Judith Hope Blau is an artist, author and inventor. She is the oldest of four children whose father and mother were a dentist and lawyer, respectfully. Her grandfather was a Russian-born bagel maker.
At the age of seven, she developed rheumatic fever and required surgery on both of her legs. This left her bedridden for two years. During this time she was left to entertain herself. She spent hours in her bed outside underneath the trees in her yard in Bronx, NY. With only a few art supplies she made yarn dolls, paper doll clothes, and drew pictures of the trees. At 3:00 each afternoon, her mother moved her bed to the sidewalk where she sold her creations. While indoors she made created puppets and used them to tell stories to entertain her younger siblings. She would continue to use her artistic skills throughout her school years.
Fast forward to the 70’s, Ms. Blau is now married with 2 children. As a way to earn extra income she handpaints jeans and kaftans to be sold at local boutiques. She also does art exhibits where she sells her paintings. One day while out shopping she stops by a local bagel bakery. She remembered her grandfather drawing funny chalk faces on stale bagels for her Mom. Inspired by the idea, she asked the baker to make some small bagels. She added a red string to a painted bagel face and sent her daughter off to school wearing the bagel necklace. It was a hit.
Around this same time, she was invited to a luncheon at the Advertising Club in NYC where she met a PR person from the Denim Institute, who admired her dress and asked if she would like to be interviewed by a reporter from UPI about painting on denim. The morning of the interview, her husband laughed and dared her to sell the bagel necklaces to Bloomingdales. Into her bag went a handful of bagels necklaces.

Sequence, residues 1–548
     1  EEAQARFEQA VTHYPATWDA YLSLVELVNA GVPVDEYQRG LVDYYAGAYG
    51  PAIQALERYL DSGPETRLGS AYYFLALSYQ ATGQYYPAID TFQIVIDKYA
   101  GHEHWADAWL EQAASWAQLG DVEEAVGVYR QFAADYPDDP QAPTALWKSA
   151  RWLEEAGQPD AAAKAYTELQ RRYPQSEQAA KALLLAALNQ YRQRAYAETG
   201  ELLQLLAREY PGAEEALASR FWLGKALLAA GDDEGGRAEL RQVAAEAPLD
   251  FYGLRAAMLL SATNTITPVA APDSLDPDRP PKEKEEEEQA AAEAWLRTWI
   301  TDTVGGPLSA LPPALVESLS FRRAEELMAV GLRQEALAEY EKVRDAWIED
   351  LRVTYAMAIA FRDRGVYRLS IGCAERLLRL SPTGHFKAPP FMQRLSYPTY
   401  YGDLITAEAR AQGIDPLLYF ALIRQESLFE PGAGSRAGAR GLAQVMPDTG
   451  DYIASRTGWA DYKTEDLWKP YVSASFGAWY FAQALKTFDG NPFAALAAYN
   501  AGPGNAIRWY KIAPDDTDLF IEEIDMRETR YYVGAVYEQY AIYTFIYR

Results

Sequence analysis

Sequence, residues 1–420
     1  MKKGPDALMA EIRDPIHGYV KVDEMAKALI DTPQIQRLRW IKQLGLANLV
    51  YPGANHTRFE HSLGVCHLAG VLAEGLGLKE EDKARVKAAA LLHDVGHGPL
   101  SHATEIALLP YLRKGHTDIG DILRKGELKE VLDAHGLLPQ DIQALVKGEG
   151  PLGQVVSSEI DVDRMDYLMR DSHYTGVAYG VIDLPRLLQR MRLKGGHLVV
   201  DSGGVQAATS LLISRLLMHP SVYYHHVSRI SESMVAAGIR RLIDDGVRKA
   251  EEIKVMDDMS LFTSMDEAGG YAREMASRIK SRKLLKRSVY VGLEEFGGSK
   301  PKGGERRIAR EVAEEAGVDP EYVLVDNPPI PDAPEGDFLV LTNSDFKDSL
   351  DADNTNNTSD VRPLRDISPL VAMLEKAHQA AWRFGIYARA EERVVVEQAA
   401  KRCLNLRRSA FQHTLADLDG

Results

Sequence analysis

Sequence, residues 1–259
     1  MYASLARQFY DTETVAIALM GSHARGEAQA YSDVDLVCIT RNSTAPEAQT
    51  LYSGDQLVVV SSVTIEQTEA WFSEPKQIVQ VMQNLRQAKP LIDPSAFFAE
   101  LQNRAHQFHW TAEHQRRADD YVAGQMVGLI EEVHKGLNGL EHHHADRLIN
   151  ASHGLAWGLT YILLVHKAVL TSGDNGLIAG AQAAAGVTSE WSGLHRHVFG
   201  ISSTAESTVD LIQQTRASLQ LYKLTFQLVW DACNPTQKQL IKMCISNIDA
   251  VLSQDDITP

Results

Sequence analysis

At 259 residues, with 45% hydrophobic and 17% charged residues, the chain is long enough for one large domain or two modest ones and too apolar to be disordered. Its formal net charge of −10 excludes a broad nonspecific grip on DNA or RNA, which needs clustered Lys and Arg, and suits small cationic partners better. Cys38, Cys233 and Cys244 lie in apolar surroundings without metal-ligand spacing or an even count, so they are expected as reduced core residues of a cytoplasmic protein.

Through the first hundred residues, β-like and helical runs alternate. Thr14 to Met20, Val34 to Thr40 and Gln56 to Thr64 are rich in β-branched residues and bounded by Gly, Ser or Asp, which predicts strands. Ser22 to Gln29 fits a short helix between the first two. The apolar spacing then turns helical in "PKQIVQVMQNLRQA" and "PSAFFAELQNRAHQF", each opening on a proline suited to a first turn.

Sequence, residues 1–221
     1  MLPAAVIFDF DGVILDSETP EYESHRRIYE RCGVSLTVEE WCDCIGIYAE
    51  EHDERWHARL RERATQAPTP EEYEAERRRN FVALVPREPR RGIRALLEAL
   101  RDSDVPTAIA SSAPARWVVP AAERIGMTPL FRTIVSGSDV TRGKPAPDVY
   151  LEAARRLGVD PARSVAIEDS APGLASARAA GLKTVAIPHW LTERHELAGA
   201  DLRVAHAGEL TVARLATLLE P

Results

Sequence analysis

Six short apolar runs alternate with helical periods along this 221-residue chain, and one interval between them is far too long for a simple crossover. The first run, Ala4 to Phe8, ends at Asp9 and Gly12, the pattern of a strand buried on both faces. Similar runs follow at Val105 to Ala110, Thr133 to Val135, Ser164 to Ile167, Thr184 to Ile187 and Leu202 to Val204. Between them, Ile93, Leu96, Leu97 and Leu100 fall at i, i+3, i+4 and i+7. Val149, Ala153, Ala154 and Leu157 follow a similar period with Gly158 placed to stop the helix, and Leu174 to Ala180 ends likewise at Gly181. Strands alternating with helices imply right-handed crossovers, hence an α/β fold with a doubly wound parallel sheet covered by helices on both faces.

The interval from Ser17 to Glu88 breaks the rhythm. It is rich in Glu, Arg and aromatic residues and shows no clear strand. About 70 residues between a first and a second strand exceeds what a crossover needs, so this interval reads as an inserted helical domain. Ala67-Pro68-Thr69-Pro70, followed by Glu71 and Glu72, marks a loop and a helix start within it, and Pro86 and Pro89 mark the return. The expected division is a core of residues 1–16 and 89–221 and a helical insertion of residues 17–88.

To Judith’s dismay, the Buyer ordered a hundred dozen bagel necklaces. How would she produce so many? Her interview resulted in national coverage of her denim painting and when the necklaces fell out of her bag, they were included in the article, calling her, “The Bagel Lady.” From there, the bagel baker was overwhelmed, her bathtub overflowed with bagels waiting to turn stale.
She hired teenagers to help paint bagel faces assembly line style. The article brought NBC news to film her bathtub.
After drying them, Blau painted smiley faces on the bagels, and shellacked them. Then she shipped them off to department stores and boutiques, where they sold as necklaces, candleholders, napkin-holders, and Christmas tree ornaments. You could buy one of her “Bagel Berry Wreaths” for twenty bucks.
A local newspaper article mentioned her grandfather which led to the Children’s Editor from McGraw Hill inviting her to lunch. The Editor said, “Write a book! We’ll hire an illustrator.”
“The Bagel Baker of Mulliner Lane” was Judith Blau’s first book and is based on her grandfather. Recently copies have sold from $50-$100.
Sheets and Bedding
Based on the book, Fieldcrest’s “The Happy Bagel Family” sheets were produced.
Two other bedding items are credited to Mrs. Blau.
The “Puppet Sheet Theater” sheets were produced by Springs Mills.
“Bedkins” Farm Friends sheets and accessories were produced by Kellwood and distributed by Sears.
Additional Reading & Info on Judith Blau
The Herald Statesman
Yonkers, New York
13 Apr 1977, Wed • Page 25